Tips for Finishing that Thesis, Dissertation, or other Manuscript


Tips for Finishing that Thesis, Dissertation, or other Manuscript

—from the Lab Manager's bench

I originally wrote this post to answer the question, "What tips do you have for a student with 6 months left for PhD thesis submission?" However, this version is slightly different from the one I posted on Quora. Many of the tips were also adapted from my Instagram account

Whether you love or hate them writing and editing in some form are probably part of the science communication responsibilities that accompany your research position. When writing journal articles on a collaborative research project, you might be responsible for creating the majority of a manuscript (with co-authors and your PI weighing in) or your PI might write the bulk of it but require your input. But if you're writing a student thesis (undergrad or graduate) the bulk of the writing will come from you.

For a thesis, which is not collaborative in the same way as a journal manuscript, you'll be charged with writing an original work that showcases your research, its relevance, and your understanding of the data you've collected. This doesn't mean that you're on your own for the process--or at least you shouldn't be.

As a graduate student, your PI (and possibly committee members) will hopefully guide you at the beginning so you can start strong, and be ready with constructive comments that are specific enough to help you get unstuck when needed. If you're an undergraduate, you might have several labmates willing to give helpful feedback in-between discussions with your PI. (Tip: you'll probably need to ask specific people in your lab for assistance because although many grad students and postdocs will be happy to help if asked, they won't volunteer.)

There is no doubt that getting those final experiments done and the thesis written, job hunting, scheduling a defense, and coordinating family/spouses/partner's future needs with your graduation date is an incredibly tough challenge. It makes finishing writing your thesis far more complicated than "just stop stressing about it and get it done" which is unhelpful advice that might be offered by a well-meaning but utterly misinformed friend, family member or colleague.

So in this post, I'm passing on some tips that I've used while writing large projects like books or grant proposals. I won't pretend that I'm always motivated to write, but on the days when my muse is nowhere to be found I try these tips first. Hopefully, some will work for you regardless if you're a postdoc trying to get a paper finished or a student writing a thesis with graduation a few months away.

  1. If you were making progress, and now you’re not, you might need a new writing or editing approach. What works well for you when writing the first or second draft, might actually hinder your progress on the third. (Or when navigating the painful comments from your PI or committee members).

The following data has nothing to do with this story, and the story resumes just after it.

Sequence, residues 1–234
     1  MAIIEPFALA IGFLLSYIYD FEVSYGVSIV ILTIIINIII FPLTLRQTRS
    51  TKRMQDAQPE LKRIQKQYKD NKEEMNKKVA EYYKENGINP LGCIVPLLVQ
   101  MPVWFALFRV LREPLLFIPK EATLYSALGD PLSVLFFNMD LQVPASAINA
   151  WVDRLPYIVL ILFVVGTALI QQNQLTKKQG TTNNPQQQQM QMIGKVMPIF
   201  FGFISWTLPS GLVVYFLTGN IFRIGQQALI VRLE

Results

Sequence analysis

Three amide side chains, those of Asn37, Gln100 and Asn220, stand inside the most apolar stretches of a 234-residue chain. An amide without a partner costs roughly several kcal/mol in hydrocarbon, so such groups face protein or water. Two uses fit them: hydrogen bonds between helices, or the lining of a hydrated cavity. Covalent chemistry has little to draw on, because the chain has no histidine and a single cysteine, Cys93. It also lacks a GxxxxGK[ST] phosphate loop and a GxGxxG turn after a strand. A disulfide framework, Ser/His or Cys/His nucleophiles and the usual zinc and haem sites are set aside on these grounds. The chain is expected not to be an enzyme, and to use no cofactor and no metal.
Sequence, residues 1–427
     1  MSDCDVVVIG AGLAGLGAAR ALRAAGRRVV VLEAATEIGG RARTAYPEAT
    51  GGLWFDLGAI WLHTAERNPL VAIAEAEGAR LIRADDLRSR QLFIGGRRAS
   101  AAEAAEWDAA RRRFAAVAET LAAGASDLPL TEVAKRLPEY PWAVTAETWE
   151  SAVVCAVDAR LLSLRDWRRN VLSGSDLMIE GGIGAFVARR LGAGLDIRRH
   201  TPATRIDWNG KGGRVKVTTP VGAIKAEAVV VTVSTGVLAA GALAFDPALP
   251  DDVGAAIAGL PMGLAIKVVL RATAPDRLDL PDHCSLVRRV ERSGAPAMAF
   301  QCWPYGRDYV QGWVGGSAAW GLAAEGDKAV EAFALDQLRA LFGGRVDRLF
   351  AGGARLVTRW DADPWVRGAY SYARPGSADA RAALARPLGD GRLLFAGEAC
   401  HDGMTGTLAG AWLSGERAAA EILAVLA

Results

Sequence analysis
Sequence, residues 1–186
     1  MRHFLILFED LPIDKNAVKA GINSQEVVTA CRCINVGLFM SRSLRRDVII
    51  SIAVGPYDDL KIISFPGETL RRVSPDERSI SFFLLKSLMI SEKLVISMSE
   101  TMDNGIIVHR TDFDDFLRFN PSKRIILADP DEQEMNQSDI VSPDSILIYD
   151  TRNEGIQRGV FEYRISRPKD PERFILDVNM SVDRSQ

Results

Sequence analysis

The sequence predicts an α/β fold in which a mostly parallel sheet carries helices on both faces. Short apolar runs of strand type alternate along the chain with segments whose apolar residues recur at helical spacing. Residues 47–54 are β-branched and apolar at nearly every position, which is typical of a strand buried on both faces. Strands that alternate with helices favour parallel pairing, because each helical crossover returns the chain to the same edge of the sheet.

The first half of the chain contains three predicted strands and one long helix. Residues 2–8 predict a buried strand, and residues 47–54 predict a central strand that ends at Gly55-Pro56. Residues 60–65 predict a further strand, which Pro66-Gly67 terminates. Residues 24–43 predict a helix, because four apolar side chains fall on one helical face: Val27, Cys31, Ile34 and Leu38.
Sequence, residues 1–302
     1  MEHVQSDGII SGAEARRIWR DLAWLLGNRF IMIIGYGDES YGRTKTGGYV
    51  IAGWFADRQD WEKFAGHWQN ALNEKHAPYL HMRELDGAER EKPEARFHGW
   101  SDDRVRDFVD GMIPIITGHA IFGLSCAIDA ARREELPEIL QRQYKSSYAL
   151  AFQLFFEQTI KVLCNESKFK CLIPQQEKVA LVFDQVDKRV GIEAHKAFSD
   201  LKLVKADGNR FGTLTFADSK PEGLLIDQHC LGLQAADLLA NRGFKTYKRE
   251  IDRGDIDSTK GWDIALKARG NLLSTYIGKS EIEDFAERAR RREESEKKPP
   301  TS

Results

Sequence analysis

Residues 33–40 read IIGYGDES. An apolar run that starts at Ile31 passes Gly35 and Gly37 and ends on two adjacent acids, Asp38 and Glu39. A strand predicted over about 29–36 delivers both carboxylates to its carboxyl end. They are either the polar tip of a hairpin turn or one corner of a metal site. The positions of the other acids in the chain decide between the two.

Sometimes, I’m more productive with writing when I’m doing lab work in between drafts. I can even sandwich some quality writing in during incubation steps or when I'm waiting (endlessly it seems) for the autoclave. Other times, not so much.
 When I’m polishing what I hope to be the near-final draft, my productivity (and stress level) benefits if I move away from the bench and give the manuscript the lion’s share of my focus. It’s not necessary if I’m on a first or second draft.

  2. Don't force yourself to write at the end of the day. Because we can’t write about an experiment we didn’t do, sometimes we scientists fall into the trap of thinking of writing as an afterthought--such as "after my real work is done." (I even used to joke that it was my "day off" when I was using the day to write. I no longer do this because I now fully embrace how important and tiring writing can be.)

    If trying to write after spending a long day at the bench leads to more frustration than productivity, don't do it. Instead, write in the morning, or midday--even if that means you put an experiment on hold until you get some words on the screen. You’ll make more progress if you write when your brain is cooperative and you're not exhausted from a full day of work already.

  3. Schedule time on your calendar to work on your thesis. If you're immediate reaction is, "I don't have any time," then full stop. You need to prioritize writing because the Science Gnomes aren’t going to do it for you while you conquer bench work or sleep.

    So ask yourself this: "What is the minimum amount of time I can spare? 20 minutes 3X a week?” and start there. This is about getting something done, mentally establishing the thesis as a priority, and forming a new habit. Then, as you progress, you’ll adjust the time spent writing and editing (upwards likely). If you start your thesis early enough, you don't have to spend the bulk of every day writing--or trying to force yourself to write.